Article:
Europeans create Kulturboden in Argentina

Even amongst other European peoples, German Kulturboden stands apart as superior.

“The first colony that we pass is San Carlos. It is unnecessary for our guide to say a thing—it is obvious that Italians live here. […] Arriving in San Geronimo, which belongs to Germans and Swiss: peaceful, clean houses with large flower gardens, with shrubs and fruit trees. The native knows neither—it is all too toilsome for him. ‘We don’t get fruit’, he answers when he’s asked about it, or ‘The locusts eat everything’. But the Germans and the Swiss plant it, and it thrives”.

If it is unnecessary for the guide to use words to name the Italian settlement, it is apparently even less necessary for Ross to describe it. But whatever his reader imagines, it must differ in some significant way from the “peaceful, clean houses” and gardens of the German settlement. Are the Italian houses riotous and dirty? Even if this is the case, both settlements are apparently superior to those of the natives. For, even if they have lived in this landscape for timeless generations, they are still unable to figure out how to make the land fruitful. Argentina must import Europeans in order to improve the quality of the landscape, and, according to Ross’s depictions, would do best to encourage German immigration.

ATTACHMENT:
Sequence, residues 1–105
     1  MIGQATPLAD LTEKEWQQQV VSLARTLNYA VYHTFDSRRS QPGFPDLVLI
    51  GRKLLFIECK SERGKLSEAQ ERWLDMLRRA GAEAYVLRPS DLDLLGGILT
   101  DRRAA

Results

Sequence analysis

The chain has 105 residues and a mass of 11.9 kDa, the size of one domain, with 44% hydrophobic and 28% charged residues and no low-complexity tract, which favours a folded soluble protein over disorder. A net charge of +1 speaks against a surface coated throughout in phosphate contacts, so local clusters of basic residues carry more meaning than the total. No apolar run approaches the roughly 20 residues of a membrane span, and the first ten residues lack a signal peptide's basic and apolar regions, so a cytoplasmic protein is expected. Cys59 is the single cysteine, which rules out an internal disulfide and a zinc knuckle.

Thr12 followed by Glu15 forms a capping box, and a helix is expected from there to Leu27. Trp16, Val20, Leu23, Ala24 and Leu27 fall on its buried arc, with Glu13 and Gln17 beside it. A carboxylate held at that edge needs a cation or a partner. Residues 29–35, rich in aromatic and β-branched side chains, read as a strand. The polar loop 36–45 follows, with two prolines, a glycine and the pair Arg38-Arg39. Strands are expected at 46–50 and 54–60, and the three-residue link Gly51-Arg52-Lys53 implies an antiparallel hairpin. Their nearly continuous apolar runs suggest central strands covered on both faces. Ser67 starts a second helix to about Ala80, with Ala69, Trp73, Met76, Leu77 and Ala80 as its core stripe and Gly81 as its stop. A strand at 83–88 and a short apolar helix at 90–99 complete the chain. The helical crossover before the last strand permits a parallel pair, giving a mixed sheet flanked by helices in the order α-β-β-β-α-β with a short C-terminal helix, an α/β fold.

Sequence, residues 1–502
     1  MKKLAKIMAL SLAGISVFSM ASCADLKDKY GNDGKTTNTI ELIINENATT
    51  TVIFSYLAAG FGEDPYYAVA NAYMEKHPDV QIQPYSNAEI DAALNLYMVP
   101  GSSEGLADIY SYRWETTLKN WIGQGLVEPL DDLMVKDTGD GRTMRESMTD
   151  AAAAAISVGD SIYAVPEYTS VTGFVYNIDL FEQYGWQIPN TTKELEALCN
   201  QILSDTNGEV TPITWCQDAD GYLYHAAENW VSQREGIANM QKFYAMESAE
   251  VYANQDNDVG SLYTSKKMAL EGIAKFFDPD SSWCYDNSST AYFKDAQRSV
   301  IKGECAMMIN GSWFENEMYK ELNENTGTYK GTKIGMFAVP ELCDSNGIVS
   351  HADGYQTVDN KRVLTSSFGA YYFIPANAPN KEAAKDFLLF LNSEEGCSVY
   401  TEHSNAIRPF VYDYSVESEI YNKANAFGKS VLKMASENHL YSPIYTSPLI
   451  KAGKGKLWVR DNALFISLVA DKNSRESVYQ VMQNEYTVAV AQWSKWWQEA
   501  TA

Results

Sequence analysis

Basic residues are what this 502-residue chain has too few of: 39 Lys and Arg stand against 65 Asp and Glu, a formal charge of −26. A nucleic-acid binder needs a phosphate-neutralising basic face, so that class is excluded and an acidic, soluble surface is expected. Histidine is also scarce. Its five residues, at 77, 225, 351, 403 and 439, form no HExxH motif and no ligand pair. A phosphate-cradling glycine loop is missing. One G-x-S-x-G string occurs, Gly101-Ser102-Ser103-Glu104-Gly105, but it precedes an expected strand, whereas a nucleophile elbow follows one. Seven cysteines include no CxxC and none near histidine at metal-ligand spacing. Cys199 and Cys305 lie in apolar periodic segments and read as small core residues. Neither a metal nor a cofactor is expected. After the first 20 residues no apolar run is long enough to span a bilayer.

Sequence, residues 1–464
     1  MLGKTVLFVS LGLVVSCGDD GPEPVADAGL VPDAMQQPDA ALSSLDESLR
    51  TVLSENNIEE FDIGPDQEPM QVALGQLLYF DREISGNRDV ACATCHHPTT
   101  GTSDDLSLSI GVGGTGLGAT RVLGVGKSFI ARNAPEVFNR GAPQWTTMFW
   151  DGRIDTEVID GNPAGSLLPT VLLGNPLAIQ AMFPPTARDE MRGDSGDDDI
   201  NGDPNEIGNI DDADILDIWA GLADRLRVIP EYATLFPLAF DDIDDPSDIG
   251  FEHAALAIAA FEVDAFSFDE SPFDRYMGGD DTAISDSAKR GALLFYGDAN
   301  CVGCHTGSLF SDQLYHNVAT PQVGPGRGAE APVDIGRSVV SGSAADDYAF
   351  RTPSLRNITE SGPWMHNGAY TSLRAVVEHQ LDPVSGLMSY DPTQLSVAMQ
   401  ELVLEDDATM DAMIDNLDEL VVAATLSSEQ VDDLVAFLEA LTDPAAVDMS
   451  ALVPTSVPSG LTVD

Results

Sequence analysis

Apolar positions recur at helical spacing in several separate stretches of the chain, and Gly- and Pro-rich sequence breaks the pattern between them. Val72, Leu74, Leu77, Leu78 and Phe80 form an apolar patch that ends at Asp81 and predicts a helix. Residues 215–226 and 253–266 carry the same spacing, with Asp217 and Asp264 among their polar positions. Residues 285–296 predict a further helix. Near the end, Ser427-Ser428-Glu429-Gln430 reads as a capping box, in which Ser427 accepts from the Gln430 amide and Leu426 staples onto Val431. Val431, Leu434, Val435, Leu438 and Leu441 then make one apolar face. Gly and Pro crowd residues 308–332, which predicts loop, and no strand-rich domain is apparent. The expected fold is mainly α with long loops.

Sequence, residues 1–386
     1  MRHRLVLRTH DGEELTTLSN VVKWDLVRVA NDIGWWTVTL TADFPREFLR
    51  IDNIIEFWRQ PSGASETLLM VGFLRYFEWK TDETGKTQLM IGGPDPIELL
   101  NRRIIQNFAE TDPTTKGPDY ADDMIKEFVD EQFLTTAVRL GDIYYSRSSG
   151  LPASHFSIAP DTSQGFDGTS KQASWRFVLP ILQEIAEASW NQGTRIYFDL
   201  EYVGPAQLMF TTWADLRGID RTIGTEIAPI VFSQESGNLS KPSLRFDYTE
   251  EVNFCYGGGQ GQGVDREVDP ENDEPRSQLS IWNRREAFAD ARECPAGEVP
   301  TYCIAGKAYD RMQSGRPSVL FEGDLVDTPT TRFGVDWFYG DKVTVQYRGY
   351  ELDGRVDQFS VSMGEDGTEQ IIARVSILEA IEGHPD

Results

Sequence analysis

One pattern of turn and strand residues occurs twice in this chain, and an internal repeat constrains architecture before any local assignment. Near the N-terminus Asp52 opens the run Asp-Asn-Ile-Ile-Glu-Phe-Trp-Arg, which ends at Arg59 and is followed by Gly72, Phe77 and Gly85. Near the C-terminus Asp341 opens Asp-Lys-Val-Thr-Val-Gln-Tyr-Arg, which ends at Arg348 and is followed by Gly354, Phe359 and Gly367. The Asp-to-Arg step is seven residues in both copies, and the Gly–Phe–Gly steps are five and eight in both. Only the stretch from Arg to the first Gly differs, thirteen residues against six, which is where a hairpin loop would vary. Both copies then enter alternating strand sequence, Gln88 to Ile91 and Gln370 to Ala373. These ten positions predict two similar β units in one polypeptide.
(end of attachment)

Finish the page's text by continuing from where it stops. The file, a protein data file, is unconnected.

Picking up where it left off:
Kristin Kopp








Colin Ross. Deutsche Kolonien in Santa Fé. In: Südamerika, die aufsteigende Welt. 1. Aufl.  Leipzig: F.A. Brockhaus; 1922; 66-72.


Topic: Kulturboden
Case: Geopolitics


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